It's not clear how this will fit into existing exploration efforts.
Today, at a meeting of the National Space Council at the White House, President Trump announced that he was directing the Department of Defense to create a “Space Force” as a sixth branch of the military.
Initially scheduled for 11:30 a.m. EDT, the meeting started 45 minutes late and opened with remarks from President Trump. After first discussing employment numbers, immigration, and other varied topics, Trump announced that he was directing the Pentagon to create a sixth branch of the military, a “Space Force.”
Currently, many space launches in the United States are overseen in part by the Air Force Space Command. The military has been involved in American space ventures since the early days of the space race, helping develop many early rockets. The first astronauts were also pulled from military pilots, and many modern members of NASA still get their start as pilots and engineers in the military. Trump spoke earlier this year about the creation of a Space Force, without many details as to what that would look like.
The creation of a military branch dedicated to space is a delicate matter; in 1967, the United States was one of many countries to sign the Outer Space Treaty, intended to prevent conflict in the course of off-world exploration. But members of that treaty only agree not to station nuclear weapons and weapons of mass destruction in space. In 2014 the U.S. elected not to sign a treaty explicitly prohibiting extraterrestrial weapons.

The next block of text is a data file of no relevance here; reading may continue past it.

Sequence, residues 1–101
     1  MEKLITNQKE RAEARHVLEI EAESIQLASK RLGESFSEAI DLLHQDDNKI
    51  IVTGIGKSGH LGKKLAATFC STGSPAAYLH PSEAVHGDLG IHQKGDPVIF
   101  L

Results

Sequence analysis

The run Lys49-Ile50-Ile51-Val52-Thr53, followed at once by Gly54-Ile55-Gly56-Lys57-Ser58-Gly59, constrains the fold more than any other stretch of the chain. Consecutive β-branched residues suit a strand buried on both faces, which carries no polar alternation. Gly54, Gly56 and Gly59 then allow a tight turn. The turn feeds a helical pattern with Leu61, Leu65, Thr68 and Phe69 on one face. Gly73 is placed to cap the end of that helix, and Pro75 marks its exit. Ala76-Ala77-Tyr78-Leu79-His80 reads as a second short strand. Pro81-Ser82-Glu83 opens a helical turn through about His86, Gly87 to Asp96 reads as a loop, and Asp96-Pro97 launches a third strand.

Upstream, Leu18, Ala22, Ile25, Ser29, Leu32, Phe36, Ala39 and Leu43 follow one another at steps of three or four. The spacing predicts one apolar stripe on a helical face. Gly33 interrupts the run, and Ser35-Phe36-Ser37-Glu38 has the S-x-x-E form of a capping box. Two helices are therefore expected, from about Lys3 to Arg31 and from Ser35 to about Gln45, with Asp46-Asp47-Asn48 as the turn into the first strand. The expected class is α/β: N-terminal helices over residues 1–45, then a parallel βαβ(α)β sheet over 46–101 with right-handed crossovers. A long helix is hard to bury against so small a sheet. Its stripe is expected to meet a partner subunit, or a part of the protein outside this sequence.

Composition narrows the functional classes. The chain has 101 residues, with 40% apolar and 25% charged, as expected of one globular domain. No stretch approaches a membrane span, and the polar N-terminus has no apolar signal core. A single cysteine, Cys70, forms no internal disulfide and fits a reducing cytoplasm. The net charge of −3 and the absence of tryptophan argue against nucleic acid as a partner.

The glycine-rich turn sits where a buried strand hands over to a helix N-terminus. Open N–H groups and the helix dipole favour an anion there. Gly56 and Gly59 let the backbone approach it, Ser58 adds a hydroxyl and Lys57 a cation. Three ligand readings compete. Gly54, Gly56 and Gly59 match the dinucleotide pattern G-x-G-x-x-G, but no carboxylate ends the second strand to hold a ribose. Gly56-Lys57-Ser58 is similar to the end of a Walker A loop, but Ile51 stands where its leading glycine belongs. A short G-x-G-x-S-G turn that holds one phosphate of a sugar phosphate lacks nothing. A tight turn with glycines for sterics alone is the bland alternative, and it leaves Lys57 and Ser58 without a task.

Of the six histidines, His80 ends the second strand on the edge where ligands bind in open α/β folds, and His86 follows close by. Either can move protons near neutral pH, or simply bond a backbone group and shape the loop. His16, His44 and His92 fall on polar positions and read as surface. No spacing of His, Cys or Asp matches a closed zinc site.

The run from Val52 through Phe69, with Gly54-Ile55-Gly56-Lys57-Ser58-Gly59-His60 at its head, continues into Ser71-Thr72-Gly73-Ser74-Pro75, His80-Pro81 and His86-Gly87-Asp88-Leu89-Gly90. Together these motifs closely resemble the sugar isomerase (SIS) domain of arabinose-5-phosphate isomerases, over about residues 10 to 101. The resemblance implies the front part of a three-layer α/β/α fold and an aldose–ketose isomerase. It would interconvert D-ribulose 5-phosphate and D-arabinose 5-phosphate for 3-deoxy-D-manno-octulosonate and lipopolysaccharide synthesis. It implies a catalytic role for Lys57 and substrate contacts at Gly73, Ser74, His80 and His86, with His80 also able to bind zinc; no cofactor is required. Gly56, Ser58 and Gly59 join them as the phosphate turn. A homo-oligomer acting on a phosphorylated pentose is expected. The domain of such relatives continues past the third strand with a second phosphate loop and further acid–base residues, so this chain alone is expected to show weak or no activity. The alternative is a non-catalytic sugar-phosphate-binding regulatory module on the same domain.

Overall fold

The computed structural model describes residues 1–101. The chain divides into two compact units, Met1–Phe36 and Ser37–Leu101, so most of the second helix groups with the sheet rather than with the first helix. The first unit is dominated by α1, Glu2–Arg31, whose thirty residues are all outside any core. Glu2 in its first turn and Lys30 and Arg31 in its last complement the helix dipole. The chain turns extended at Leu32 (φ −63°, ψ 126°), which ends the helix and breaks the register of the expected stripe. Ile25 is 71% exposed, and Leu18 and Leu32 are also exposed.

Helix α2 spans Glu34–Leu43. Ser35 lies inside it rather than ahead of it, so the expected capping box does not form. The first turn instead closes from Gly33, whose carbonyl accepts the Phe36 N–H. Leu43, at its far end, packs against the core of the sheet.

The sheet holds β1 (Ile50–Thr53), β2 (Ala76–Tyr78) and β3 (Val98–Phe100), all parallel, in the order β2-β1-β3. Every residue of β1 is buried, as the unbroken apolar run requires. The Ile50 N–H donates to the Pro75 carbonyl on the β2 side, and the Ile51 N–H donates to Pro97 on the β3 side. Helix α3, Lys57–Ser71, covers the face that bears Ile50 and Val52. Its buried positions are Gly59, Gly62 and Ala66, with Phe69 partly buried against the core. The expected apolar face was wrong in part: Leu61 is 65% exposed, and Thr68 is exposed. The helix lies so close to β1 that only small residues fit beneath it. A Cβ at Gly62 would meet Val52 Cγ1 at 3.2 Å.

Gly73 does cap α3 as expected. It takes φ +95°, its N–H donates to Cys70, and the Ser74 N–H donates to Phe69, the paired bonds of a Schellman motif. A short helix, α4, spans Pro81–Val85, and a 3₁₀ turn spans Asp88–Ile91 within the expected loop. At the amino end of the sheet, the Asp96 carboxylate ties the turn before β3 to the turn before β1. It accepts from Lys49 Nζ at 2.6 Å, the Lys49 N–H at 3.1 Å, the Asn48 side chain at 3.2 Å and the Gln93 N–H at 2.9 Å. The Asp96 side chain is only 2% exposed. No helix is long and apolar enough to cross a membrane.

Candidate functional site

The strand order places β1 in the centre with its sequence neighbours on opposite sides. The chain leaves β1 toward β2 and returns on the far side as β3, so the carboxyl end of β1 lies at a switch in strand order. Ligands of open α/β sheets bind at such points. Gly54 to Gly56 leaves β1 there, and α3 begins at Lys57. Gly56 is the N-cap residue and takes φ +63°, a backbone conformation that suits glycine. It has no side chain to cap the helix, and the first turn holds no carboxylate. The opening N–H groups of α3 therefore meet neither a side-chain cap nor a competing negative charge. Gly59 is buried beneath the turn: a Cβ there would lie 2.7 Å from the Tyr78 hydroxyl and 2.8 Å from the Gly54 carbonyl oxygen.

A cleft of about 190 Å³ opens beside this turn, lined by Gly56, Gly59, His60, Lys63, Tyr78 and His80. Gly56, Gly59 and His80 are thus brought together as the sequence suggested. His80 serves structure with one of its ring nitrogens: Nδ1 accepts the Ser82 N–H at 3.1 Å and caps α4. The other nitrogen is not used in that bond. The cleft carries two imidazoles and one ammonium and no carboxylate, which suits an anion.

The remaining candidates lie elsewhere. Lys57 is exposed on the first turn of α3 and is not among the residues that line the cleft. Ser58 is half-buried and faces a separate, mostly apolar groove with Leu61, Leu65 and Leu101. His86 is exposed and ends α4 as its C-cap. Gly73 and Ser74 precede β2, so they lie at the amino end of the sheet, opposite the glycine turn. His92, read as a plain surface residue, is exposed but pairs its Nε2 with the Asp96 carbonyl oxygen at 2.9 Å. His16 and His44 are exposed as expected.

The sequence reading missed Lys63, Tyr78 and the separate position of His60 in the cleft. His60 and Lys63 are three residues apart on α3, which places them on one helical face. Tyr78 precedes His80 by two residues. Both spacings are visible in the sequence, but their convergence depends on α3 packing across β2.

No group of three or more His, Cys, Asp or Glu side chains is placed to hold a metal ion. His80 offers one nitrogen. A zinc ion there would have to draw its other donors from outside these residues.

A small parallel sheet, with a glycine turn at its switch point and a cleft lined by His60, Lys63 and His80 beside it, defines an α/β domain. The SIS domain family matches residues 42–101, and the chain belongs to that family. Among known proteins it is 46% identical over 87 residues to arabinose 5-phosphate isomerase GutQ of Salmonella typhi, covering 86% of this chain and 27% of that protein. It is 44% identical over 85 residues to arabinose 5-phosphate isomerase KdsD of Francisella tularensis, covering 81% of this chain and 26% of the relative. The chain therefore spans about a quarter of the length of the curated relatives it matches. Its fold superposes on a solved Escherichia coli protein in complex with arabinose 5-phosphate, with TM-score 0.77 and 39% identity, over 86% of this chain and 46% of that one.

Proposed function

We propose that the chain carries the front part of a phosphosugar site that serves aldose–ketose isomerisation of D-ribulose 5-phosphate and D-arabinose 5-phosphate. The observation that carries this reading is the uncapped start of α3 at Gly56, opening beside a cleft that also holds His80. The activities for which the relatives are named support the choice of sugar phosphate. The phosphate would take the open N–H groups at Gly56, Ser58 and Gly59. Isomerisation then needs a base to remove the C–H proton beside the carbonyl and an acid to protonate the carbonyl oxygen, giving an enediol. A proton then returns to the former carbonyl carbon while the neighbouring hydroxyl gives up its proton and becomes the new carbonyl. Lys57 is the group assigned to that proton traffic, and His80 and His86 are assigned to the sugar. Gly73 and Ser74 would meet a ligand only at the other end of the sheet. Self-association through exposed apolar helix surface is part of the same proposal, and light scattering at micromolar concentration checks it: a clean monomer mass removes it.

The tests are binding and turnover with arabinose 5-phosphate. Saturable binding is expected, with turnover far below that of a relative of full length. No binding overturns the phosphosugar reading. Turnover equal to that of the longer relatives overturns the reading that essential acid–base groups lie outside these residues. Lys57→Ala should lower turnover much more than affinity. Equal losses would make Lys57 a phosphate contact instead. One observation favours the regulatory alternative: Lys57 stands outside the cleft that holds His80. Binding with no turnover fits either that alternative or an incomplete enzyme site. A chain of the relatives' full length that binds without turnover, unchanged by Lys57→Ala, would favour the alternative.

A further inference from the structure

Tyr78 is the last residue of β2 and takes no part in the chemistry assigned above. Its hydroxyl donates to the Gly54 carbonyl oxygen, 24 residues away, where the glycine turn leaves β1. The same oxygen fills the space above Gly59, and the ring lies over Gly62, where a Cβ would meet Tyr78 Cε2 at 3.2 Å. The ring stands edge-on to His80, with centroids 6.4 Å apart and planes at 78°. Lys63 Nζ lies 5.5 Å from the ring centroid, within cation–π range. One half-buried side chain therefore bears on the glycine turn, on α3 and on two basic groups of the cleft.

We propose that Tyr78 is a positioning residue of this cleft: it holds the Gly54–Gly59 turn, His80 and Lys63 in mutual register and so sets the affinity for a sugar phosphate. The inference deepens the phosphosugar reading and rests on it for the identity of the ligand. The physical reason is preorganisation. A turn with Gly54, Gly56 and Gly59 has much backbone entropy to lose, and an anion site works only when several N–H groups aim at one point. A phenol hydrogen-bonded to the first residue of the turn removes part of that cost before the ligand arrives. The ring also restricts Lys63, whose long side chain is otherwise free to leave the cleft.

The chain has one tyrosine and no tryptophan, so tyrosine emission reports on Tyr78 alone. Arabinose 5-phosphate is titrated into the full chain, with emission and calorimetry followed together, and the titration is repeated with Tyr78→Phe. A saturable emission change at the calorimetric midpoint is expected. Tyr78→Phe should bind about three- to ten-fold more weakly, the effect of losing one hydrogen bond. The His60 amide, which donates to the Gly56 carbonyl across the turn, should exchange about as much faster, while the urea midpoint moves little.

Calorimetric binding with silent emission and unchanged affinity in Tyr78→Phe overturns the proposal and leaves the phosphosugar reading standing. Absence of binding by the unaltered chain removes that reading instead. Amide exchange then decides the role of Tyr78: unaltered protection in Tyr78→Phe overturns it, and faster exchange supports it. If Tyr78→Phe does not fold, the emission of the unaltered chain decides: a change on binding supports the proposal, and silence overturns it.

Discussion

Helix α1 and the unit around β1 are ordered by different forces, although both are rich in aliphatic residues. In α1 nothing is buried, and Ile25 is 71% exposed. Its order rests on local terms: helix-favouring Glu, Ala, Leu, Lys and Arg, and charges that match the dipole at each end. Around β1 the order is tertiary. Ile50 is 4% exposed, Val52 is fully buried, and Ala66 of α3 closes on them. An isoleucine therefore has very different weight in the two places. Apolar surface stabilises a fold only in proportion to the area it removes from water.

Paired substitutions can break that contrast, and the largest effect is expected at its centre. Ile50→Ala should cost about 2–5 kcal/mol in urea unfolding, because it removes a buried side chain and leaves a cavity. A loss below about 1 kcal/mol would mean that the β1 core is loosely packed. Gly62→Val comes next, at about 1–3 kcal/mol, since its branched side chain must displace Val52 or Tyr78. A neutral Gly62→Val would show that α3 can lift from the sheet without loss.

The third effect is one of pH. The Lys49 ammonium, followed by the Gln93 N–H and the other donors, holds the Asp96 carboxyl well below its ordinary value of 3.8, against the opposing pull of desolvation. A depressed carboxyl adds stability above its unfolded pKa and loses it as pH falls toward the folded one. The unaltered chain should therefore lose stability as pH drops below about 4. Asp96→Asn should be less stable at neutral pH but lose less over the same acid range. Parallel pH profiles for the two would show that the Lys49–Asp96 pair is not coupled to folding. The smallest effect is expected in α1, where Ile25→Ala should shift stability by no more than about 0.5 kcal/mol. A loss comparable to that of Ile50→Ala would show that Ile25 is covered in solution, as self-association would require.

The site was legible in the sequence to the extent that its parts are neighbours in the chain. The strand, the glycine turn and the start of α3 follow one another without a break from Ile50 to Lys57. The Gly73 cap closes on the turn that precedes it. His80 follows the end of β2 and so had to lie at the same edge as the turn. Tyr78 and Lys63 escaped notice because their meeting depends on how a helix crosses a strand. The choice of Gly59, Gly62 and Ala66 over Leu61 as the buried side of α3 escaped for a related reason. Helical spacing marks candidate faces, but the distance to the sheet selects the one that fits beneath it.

Last year, the Pentagon actively opposed a house bill to create a ‘Space Corps’, citing a risk of increased bureaucracy. The Pentagon pushed for more integrated services instead of a new, separate branch.
Trump said on Monday that the Space Force and Air Force would be 'separate but equal.' It remains unclear as to how the new military branch will fit into established space exploration efforts.
This is a breaking news story and may be updated.